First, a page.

- Open up a browser and type in the 192.168.1.1 IP address. This is the default IP address for the router and will let you access its configuration interface.
- You will likely get a warning about the page not being secure. That is OK, just continue on to the page.
- You should now be at the login page for the router. The default login username is "ubnt" and password is "ubnt".
- Once logged in, you will see the "Dashboard" tab.
- Before doing any configuration, we need to upgrade the router to the latest firmware.
- Go to the "System" tab at the bottom of the page, then click on the "Upload a file" button in the "Upgrade System Image" section. Select the latest firmware file that you downloaded earlier.
- Once the new firmware loads, you will need to reboot the router. You may need to reload your browser page to get back to the login page, after the router is done rebooting. Rebooting can take awhile, so be patient.
- Log back in with the default username and password.
- Go to the "Wizards" tab.
- Select the "WAN+2LAN2" wizard.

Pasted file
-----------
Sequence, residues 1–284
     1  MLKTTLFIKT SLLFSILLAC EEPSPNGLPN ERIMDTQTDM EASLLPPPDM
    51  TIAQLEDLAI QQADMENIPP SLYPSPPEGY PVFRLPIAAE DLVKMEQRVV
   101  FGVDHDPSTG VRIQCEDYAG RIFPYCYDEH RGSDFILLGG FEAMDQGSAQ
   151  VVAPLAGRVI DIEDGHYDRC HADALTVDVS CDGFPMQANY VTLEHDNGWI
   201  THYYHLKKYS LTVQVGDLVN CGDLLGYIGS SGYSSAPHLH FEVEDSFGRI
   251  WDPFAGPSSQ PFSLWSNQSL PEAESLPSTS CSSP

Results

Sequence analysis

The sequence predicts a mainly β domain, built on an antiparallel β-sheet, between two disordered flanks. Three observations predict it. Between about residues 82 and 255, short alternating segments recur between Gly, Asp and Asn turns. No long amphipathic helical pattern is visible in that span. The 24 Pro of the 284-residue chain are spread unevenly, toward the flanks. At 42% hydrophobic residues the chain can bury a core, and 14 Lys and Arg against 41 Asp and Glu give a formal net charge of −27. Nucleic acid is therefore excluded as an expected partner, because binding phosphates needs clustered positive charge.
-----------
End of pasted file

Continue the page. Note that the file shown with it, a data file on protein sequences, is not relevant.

- If you get a warning about needing to restore the default configuration, go ahead and do that. I had to reload the browser page to get back to the login screen. Login and get back to the WAN+2LAN2 wizard.
- Leave the "Bridge LAN interfaces into a single network" box unchecked. This will configure eth0 as the Internet (WAN) port, eth1 as one network (192.168.1.0/24), and eth2, eth3 and eth4 will be another network (192.168.2.0/24).
- If you want to change the login credentials, you can do so with this wizard. It is not recommended to keep the default credentials.
- Apply the changes and reboot the router.
- Unplug your computer from eth0 and plug it into eth2. Then you can log back into the router. eth0 is now the Internet (WAN) port. Though, I will not be needing Internet access at races, but that may change down the line. Ports eth2, eth3 and eth4 are available for your laptop, access point, and Cloud Key or Raspberry Pi (if used) or a laptop and two access points.